US Department of State (2013) 2013 Country Reports on Human Rights Practices: Burundi, http://www.state.gov/documents/organization/220300.pdf.

USAID (2010), http://www.usaid.gov/sites/default/files/documents/1866/Engender%20USAID%20Sexual%20Violence%20Assessment%20Final%20Report.pdf, p. 19.

World Bank (2013a) Women, Business, and the Law [database], http://wbl.worldbank.org/Data/ExploreEconomies/guatemala/2011#using-property (accessed 24 August 2013).

World Bank (2013b) Global Financial Inclusion Database, http://databank.worldbank.org/Data/Views/reports/tableview.aspx (accessed 2 October 2013).

Data
Discrim. Fam. Code Value 2014: 
0.560233
Discrim. Fam. Code Category 2014: 
Very High
Legal Age of Marriage: 
1
Early Marriage: 
0.099
Parental Authority During Marriage: 
0.5
Parental Authority After Divorce: 
0
Inheritance Rights For Widows:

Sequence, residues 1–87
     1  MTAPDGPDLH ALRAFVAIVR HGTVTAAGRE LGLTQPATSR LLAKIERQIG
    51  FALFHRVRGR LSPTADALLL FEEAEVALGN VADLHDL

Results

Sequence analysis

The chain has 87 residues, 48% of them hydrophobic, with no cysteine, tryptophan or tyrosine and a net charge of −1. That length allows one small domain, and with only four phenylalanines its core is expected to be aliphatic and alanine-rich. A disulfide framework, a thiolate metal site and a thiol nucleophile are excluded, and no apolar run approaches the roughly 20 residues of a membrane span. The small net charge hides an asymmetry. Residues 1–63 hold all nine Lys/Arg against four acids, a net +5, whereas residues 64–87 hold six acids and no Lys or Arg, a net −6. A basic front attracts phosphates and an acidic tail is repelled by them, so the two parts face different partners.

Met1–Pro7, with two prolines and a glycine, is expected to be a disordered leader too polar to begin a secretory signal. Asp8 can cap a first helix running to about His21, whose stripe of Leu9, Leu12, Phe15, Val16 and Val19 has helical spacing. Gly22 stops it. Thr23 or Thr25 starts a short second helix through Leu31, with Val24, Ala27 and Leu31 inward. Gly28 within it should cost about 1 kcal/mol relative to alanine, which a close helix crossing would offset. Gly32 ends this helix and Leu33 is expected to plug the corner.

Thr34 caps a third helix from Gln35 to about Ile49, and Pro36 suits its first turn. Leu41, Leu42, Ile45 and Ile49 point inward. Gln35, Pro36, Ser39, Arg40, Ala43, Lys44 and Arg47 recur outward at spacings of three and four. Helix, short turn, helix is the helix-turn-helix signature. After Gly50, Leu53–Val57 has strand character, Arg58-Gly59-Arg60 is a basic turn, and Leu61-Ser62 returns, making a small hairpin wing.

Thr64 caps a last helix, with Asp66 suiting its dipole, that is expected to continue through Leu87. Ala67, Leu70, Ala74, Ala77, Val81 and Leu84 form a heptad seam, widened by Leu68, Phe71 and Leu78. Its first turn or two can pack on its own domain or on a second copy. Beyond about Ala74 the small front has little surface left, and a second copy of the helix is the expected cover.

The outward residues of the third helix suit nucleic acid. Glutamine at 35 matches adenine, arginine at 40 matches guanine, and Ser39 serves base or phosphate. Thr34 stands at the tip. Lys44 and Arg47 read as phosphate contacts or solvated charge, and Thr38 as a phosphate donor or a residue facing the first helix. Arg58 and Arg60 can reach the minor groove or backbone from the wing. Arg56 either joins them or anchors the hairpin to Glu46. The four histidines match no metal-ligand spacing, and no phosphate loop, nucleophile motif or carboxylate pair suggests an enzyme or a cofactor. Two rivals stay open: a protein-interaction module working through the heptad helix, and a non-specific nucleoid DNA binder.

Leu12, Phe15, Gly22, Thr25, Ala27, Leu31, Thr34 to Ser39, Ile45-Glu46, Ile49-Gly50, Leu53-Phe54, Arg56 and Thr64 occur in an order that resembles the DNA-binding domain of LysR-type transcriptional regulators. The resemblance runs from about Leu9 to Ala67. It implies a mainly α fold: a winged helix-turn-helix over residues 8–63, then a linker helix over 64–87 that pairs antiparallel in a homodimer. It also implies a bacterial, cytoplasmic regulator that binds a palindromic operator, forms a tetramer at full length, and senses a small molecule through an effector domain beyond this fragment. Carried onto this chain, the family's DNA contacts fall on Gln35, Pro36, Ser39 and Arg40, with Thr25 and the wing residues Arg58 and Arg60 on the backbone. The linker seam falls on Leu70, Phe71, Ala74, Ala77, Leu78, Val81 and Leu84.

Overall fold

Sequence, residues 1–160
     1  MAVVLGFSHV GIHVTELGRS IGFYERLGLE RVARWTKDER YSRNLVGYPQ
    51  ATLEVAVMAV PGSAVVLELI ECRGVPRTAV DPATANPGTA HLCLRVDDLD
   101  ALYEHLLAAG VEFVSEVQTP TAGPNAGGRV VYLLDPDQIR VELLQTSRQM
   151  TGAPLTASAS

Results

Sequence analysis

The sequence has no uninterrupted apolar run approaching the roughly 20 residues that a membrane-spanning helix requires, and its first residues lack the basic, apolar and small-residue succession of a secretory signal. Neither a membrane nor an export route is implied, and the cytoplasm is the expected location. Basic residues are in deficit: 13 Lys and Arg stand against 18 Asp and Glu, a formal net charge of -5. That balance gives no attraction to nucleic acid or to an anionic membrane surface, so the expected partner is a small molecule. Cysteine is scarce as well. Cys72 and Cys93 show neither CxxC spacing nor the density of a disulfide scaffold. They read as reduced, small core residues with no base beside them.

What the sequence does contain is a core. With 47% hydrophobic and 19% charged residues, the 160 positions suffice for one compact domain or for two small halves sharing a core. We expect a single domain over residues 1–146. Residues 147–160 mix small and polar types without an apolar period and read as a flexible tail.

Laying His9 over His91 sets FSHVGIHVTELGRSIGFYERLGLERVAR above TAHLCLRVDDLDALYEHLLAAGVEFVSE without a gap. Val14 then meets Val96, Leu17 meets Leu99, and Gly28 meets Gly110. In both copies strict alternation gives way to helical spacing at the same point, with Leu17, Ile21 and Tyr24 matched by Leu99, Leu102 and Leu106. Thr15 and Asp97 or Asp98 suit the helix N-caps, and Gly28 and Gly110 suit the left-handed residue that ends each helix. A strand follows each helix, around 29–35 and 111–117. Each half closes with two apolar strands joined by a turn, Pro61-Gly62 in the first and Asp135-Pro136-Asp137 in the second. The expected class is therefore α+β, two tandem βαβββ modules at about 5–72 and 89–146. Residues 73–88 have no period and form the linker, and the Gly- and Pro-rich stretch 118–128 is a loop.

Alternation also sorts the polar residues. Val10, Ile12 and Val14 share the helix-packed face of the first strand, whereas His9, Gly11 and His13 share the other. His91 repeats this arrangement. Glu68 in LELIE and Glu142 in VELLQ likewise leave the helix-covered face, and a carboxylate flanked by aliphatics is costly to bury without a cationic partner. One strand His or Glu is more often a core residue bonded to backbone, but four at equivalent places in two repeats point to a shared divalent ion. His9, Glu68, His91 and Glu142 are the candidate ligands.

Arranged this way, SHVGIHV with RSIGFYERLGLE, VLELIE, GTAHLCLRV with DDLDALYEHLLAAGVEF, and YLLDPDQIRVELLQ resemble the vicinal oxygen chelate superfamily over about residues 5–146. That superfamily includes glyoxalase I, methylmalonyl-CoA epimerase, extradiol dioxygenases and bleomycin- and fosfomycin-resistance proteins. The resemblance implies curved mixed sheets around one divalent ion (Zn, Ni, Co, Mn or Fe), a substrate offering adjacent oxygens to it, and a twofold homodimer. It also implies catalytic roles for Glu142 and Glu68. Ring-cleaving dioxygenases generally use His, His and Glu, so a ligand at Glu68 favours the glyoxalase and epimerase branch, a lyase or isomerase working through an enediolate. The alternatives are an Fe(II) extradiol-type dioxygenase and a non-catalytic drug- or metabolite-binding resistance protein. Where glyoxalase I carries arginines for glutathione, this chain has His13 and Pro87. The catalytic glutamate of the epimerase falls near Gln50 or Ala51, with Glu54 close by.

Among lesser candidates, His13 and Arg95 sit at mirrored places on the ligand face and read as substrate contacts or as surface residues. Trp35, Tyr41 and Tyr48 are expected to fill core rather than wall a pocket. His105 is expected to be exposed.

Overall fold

1
Inheritance Rights For Daughters: 
0.5
Data
Rest. Phys. Integrity Value 2014: 
0.505527
Rest. Phys. Integrity Category 2014: 
High
Attitudes Towards Violence Against Women: 
0.729
Laws Addressing Domestic Violence: 
0.25
Laws Addressing Rape: 
0.25
Laws Addressing Sexual Harassment: 
0.25
Female Genital Mutilation: 
0
Reproductive Autonomy: 
0.324
Data
Son Bias Value 2014: 
0.174554
Son Bias Category 2014: 
Medium
Missing Women: 
0.25
Fertility Preferences: 
0.4996
Data
Rest. Resources & Assets Value 2014: 
0.407572
Rest. Resources & Assets Category 2014: 
Medium
Secure Access To Land: 
0.5
Secure Access To Non-Land Assets: 
0.5
Access To Financial Services: 
0
Data
Rest. Civil Liberties Value 2014: 
0.2554
Rest. Civil Liberties Category 2014: 
Low
Access To Public Space: 
0.5
Political Quotas: 
0
Political Participation: 
0.305